Saturday, August 30, 2014

Et in Arcadia ego


Even on vacation we see the demons of everyday work rising before us. Here we repose in a picturesque village on the rocky coast of Massachusetts. Seagulls cry overhead as heavy summer maple leaves rustle in the breeze.

But wait! The call of our working lives. What does the local paper say? That the little town’s Rockport Bank has just been acquired… (gasp)… bought out by outsiders based up the coast at the… (swallow hard)… Institution for Savings.  

"Institution for Savings" — a name that connotes harshness and deprivation. A name that frowns on the little Oliver holding up his bowl for more gruel. It's Institution for Savings — or else!  

I gaze across the bay. Even in this dainty New England fishing town, with seagulls calling us to daydream, there crashes the wave of bank consolidation. As Nicholas Poussin might have put it: “Et in Arcadia ego” – popularly translated as, “Even in Arcadia, there I am.”… the “I” being death.

The lesson: Even on vacation there is no escaping the firm hand of business… of bank consolidation… of cold, corporate names… of reality itself. “Et in Arcadia banco consolidatio.”

Et in Arcadia banco consolidatio sub nomen gelu Institution for Savings.

Brandsinger



Tuesday, July 1, 2014

Your name is what it is

Growing up in South Texas with the name Claude — when most boys were named Roy, Billy, Johnny or Mike — I suffered a few, um, insulting variations on my name. Most often a tormentor would call me Dirt Clod or Claudette — but even the normal, friendly Texas pronunciation "Clod" was a variation I learned to accept.

Enter a new generation of basketball players! and we have guys proud of the most amazing names human ingenuity can devise. The most astounding name comes with the New York Knicks' powerful new talent: Cleanthony Early.

From the Wichita Eagle comes this explanation:
Q: What's the story with the name Cleanthony?
A: You would have to ask my mom that. I’ve never gotten to it. It is what it is. It’s unique. Until yesterday, I thought I was the only guy with the name Cleanthony. Some guy hit me up on Instagram. I put up a picture of me dunking, and he was like “Do it for the Cleanthonys.” People call me Cle. They call me Anthony. They call me everything.
No self-consciousness here! The man lets his talent speak for itself.
Cleanthony in action 

Read more here: http://blogs.kansas.com/shockwaves/2012/06/19/qa-with-cleanthony-early/comment-page-1/#storylink=cpy
Most articles on this subject are titled "What's in a name?"
I'm calling this one: When you're a 6-foot-eight millionaire, your name is what it is.

Brandsinger

Tuesday, June 17, 2014

How totalitarians suppress free expression

It is plainly pernicious the way totalitarian governments crush their citizens' legal rights. Dictators toss opponents in prison to squelch the rights we take for granted—like free speech. 

As example, Brandsinger was able to obtain a copy of a political campaign law passed and enforced in North Korea. You can see from the following excerpt that, to suppress its hapless people, North Korean officials have taken a blank check. The law reads:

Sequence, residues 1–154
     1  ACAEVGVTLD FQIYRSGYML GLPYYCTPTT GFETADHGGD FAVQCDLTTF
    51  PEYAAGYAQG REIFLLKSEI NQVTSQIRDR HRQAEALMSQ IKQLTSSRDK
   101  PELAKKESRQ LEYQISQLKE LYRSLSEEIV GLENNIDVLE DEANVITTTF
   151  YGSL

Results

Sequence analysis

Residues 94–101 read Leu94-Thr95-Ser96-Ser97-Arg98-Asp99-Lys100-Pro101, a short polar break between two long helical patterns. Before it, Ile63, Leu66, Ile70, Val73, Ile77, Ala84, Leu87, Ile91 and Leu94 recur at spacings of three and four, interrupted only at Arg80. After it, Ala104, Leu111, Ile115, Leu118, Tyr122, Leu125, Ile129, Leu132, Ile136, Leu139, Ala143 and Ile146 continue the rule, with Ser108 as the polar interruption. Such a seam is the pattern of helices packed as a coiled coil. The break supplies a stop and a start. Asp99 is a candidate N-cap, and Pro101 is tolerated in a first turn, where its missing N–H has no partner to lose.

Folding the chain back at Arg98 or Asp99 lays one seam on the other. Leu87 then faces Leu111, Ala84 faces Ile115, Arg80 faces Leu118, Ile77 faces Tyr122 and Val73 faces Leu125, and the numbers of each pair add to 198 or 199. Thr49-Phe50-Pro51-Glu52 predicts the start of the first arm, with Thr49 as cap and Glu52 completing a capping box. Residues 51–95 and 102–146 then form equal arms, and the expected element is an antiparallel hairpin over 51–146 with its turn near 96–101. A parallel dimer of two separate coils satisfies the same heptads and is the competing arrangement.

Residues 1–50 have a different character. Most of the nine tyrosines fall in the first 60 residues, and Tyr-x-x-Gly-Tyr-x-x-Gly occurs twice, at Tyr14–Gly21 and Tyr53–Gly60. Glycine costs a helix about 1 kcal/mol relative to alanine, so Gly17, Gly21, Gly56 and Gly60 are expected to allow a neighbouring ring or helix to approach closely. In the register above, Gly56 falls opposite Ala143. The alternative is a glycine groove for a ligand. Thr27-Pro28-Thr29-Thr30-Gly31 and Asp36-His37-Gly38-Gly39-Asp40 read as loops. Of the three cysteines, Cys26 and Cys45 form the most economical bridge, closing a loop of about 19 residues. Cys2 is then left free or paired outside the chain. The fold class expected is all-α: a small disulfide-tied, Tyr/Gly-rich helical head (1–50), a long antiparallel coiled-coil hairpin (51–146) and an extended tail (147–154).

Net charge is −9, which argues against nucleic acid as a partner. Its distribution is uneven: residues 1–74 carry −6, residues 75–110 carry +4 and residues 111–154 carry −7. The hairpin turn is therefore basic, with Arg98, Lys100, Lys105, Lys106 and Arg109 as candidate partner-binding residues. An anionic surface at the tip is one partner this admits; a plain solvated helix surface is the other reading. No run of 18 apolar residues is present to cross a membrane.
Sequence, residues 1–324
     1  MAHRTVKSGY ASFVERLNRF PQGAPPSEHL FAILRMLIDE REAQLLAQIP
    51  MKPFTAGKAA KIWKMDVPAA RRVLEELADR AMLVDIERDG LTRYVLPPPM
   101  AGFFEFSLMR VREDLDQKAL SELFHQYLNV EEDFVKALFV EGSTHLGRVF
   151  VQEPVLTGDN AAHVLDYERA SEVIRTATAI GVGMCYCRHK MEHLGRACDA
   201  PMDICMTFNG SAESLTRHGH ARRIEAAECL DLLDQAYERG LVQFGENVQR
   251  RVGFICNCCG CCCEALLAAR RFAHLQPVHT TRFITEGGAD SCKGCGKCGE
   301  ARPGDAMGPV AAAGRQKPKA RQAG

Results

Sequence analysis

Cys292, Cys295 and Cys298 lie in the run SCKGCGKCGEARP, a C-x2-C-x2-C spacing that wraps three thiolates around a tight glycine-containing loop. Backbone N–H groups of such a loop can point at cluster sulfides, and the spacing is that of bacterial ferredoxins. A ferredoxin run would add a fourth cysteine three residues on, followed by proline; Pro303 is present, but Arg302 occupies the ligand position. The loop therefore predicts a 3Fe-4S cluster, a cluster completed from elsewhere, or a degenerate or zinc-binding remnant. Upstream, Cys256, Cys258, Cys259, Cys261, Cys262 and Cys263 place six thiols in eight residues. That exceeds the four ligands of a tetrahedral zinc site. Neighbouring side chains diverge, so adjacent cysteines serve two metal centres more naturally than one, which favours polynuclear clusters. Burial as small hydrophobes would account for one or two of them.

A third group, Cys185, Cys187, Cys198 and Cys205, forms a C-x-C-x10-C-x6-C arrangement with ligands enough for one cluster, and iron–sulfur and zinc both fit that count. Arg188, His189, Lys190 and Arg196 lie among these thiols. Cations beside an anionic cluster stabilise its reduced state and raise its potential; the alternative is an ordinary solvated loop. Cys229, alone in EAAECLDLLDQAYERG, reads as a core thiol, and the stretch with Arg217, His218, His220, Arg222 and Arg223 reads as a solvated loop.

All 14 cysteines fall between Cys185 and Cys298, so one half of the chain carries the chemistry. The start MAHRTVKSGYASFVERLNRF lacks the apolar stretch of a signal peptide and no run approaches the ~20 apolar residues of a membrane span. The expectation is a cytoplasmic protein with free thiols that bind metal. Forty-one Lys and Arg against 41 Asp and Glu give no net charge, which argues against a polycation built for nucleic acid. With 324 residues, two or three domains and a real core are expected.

“No person, during the course of any campaign for nomination or election to public office or office of a political party, by means of campaign materials, including sample ballots, an advertisement on radio or television or in a newspaper or periodical, a public speech, press release, or otherwise, shall knowingly and with intent to affect the outcome of such campaign do any of the following:

“(9) Make a false statement concerning the voting record of a candidate or public official;

“(10) Post, publish, circulate, distribute, or otherwise disseminate a false statement concerning a candidate, either knowing the same to be false or with reckless disregard of whether it was false or not, if the statement is designed to promote the election, nomination, or defeat of the candidate.”

Talk about carte blanche! This law gives North Korean authorities and their incumbent stooges a legal weapon to brand anything their opponents say as "false." The process prescribed in the law calls for an appointed commission to hold hearings on the charges, set a period of discovery during which leaflets, ads, and correspondences are gathered and reviewed—and make a judgment that can lead to six months in prison for the confirmed disseminators of “false” statements.

The message is clear: Don’t dare say anything that might be called a lie in a North Korean political campaign.

Wow. That's what makes our nation so different. Here politicians and their opponents fudge the truth—or lie—or don't—and are immune to prosecution. In our system under the First Amendment, the veracity of political claims is deemed a judgment call best left to the voters.   

Because in our democracy… wait a minute. Um. Excuse me, I think… I made a slight… uh. What does it say? Oh. The excerpt above is not North Korean. Sorry. It's on the books in Ohio.

Um... well... Fortunately we have a Supreme Court in the US that can see (the obvious truth) that the Ohio law needs to be reconsidered. In a unanimous decision this week, our Court reversed a lower court’s ruling that the law was not ripe, relevant or offensive. Justice Thomas’s excellent opinion is here and worth reading: http://www.supremecourt.gov/opinions/13pdf/13-193_omq2.pdf
 
Justice Thomas and team chip away at campaign laws that squelch free speech.
Given how obnoxious is the Ohio law (banning supposed falsehoods with prison as a penalty? – what totalitarian state does Ohio want to be?), Brandsinger’s reaction to the Supreme Court's unanimous decision is, “Well duh.”

brandsinger  

Sunday, May 25, 2014

Sports Lessons

I grew up in Texas where sports is so important that, well, let’s put it this way: There was also time for family and religion, but only as secondary matters. The typical Texas coach was heavy-set, angry, and quick to lecture you on winning, teamwork and being tough. If you were rolling in the dirt gasping for breath, his only advice was, “Git on up.” 

Playing hard in the Texas sun was supposed to teach me lessons about life—but as many times as I heard about “lessons,” I don’t think I actually knew what they were. Winning, yes, I guess that’s better than losing. Teamwork sounds good, and being tough is every boy’s ideal of himself until he catches his first elbow to the lips.

As I grew older and now experience more sports in the media than on the field, I’m beginning to see important lessons clearly. Today I won’t bore you with more than one: Graciousness. That’s right, while pounding into you that the other guy wants to eat your lunch and spit it in your face – sports can teach you the power of being gracious.